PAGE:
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Autism Clue Found in Placenta

Clue to development of autism found in placenta

A CLUE to the developmental problems that lead to autism has been found in a study by scientists in the United States.

They compared the placentas from babies who went on to develop autism with those from normal children, and found that a characteristic pattern was three times more common in the former. The team, led by Dr Harvey Kliman of Yale School of Medicine, examined placentas from 13 autistic children and 61 without the disability. In each case, tissue samples from the placentas had been stored at birth.

The abnormality the team was looking for was unusual folding of the surface layers of the placenta, that tends to trap a class of cells called trophoblasts as “inclusions” within the layers. These inclusions can easily be seen by looking at cross sections of the surface layers, mounted as slides, in a microscope.

In normal development, the team hypothesised, such inclusions do not occur; but, when development is abnormal, they do.

In 27 slides from placentas of babies who went on to develop autism, inclusions were found in 6; but in 154 slides from normal babies, only 12 were found. This means that the inclusions were three times as common in autistic babies as in normal ones, the team reports in Biological Psychiatry.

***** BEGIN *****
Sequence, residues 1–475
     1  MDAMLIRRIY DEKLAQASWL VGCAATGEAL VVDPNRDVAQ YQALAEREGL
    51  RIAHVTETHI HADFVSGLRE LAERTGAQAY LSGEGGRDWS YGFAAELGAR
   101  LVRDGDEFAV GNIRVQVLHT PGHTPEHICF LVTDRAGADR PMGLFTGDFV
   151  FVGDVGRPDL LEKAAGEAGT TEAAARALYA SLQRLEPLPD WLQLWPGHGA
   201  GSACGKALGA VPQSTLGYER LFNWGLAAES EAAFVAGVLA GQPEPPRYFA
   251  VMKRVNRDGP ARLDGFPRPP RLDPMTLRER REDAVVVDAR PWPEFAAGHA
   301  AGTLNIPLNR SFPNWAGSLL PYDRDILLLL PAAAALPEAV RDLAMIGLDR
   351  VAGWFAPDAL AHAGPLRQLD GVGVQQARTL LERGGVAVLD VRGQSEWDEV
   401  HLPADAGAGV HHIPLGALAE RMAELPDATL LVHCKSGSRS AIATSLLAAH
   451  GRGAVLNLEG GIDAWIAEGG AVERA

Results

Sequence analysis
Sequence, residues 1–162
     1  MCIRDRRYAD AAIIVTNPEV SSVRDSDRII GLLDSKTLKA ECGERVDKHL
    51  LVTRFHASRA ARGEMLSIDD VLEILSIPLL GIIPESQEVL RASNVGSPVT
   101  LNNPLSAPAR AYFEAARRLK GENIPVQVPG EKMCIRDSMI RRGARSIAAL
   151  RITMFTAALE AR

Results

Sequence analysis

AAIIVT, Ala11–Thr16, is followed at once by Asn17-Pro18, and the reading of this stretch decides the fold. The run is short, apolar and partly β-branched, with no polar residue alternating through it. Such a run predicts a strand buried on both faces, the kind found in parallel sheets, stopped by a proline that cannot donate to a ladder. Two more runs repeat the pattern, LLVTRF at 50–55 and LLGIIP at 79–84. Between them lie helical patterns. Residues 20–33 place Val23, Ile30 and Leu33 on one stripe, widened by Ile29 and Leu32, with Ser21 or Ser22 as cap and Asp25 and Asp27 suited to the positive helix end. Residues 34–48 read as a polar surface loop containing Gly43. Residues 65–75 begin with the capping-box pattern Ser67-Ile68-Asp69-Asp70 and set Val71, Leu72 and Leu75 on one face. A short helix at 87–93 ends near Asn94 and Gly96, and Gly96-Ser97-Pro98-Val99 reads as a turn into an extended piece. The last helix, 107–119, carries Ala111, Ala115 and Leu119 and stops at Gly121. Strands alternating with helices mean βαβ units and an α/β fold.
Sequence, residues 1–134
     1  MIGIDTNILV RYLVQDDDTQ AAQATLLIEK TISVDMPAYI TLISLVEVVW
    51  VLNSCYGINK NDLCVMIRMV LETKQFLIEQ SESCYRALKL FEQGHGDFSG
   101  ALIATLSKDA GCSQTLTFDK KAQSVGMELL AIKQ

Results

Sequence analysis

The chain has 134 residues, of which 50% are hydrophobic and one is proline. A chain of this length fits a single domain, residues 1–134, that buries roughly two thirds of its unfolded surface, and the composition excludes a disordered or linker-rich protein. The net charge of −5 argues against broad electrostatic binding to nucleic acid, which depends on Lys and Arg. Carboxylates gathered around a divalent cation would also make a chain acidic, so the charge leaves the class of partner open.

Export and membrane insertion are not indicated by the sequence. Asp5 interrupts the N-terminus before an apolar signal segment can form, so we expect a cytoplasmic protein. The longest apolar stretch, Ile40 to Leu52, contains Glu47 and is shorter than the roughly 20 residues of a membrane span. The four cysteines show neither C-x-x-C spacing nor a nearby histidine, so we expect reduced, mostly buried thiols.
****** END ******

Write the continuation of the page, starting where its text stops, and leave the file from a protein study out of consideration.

“We knew that trophoblast inclusions were increased in cases of chromosome abnormalities and genetic diseases, but we had no idea whether they would be significantly increased in cases of autism spectrum disorder,” Dr Kliman said.

The test, however, is not specific enough to serve as an early warning of autism. Even in the autistic children, inclusions appeared only in a minority of slides, and they were also found in normal children, albeit in smaller numbers; so using the presence of inclusions as a test would lead to false positives and false negatives.

Source Times Online